One of the many beauties of abstract art is that often a very simple composition can be extremely satisfying...and also give one great opportunities for the use of hand dyed or painted fabric and hand stitching.  The impact of these is often lost in more complex designs.

Anyway...if you're interested check out the class at Academy of Quilting!
I'm happy to answer any questions....or hear any suggestions for other classes...I usually try to write one new one a year...Each one is almost as long as the average quilting book, I've found, so it does take me a while.  I try to devise a class that is based on something I'm curious about myself, I don't want to do Quick! Fast! Easy!    Those are just not satisfying!!

And, if you have been, thanks for reading......and now for a nice cuppa tea and then to work on my new abstract quilt!!   Elizabeth





Wednesday, March 23, 2016

One a Day....





Some people appear to have both the fortitude and the time to spend hours in their studios. Alas, I'm not one of them......my time is very broken up not only by calls on it from outside (as it were) but also by a restless internal clock that only seems to work for about 20 minutes!
So, often I worry that I will never get anything finished....however I've discovered a way to do it.



It struck me that if you're moving forward, even very slowly, eventually you WILL get there...law of nature.  If you're not moving forward, you won't.  Simple physics!

So the rule is: One a Day.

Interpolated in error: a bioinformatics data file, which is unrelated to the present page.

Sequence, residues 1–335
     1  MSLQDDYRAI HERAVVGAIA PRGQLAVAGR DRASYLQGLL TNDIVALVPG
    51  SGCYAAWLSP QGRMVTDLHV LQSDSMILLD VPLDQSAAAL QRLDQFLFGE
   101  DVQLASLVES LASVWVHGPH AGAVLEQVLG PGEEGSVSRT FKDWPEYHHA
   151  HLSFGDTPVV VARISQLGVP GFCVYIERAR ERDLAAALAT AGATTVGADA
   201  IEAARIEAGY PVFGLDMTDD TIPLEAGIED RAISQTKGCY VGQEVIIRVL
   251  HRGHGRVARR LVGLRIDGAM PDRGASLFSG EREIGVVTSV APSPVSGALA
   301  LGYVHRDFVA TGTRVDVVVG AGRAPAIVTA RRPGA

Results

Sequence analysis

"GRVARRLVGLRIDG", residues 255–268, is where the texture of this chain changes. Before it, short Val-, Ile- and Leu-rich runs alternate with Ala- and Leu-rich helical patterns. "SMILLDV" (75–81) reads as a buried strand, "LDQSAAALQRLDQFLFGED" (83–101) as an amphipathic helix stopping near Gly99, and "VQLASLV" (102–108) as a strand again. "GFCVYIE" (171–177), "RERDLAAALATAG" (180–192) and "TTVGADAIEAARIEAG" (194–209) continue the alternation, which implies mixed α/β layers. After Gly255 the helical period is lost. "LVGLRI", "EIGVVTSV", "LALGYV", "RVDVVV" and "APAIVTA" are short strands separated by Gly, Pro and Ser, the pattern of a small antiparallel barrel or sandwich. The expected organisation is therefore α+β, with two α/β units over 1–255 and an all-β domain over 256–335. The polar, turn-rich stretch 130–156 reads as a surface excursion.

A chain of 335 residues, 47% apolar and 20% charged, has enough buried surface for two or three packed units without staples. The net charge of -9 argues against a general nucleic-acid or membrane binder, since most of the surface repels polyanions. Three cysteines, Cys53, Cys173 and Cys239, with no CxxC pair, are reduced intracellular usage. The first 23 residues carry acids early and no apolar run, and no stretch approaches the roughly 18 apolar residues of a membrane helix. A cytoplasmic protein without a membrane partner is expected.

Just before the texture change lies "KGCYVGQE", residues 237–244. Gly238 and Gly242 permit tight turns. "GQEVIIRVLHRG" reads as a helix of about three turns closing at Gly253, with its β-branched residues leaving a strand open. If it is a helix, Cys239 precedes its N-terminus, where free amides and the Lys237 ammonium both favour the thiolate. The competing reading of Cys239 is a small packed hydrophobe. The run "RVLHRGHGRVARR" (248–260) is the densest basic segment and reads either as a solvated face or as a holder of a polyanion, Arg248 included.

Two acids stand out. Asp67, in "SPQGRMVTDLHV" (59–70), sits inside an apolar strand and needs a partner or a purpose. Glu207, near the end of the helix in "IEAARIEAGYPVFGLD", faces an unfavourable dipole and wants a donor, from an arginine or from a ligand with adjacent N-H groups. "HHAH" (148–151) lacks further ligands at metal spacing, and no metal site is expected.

When I'm in the first sketching phase of working out a new piece, I make sure I do one sketch a day - now it's great if I do more, but one a day is the rule.  In a month that means I would have around 30 sketches up on the wall from which to choose - and usually there's more..because, of course when you've done one and you're looking at it.. you think, hmm now I've done it that way round, but what if I tried it this way round.  Or, would it work better as a square than a rectangle?

Gradually over the month - or whatever the period of time is - I realise that some sketches are a lot more compelling than others, so then the duds get dropped into recycling...the rough diamonds (yes! I'm an optimist!) move onto the value stage.

In the value stage each of the sketches has to be worked in at least 3 different value studies, I don't let myself be satisfied with just one.   And the goal for the day....the value studies for one sketch.

Now I've a wall full of value sketches, I keep popping in and out of the sewing room - some have life, others, don't - off with their heads!!!  and gradually the keepers emerge.




The fabric is chosen...now, I don't know about you, but pulling out all that fabric is the easiest part of the whole affair!!!  One could do that for ever!!!  Once I've got my fabric chosen, and arranged by VALUE (yes value not colour!), then I can see if I'm missing anything, or any stand out as being horribly wrong.

The cutting stage: again the rule is: one piece cut out per day, even if I'm dead on my feet and the house is filthy and the guests are coming down the driveway!!!  Get ONE piece cut out and pinned in place!

If the quilt has 50-60 pieces...then in 2 months all will be cut out - more or less...sometimes I just cut a chunk approx the right size and then refine it later.

The Sewing together stage is also One per Day, today's ONE is sitting behind me right now on the sewing machine awaiting its personal 15 minutes of fame!

And it won't take two months...because as they're sewn together they become a bigger chunk!  so at worst it will be done in one month...and sometimes you just get galloping along and everything is fitting together right...but if it's one of those sew a seam and take it out and resew it days...well at least one will be done and I'll be inching nearer the goal of the completed quilt top.

I like to make a few tops and let them mature in peace in the cupboard...when I take them out I'll see them with fresh eyes and decide which should be quilted and finished.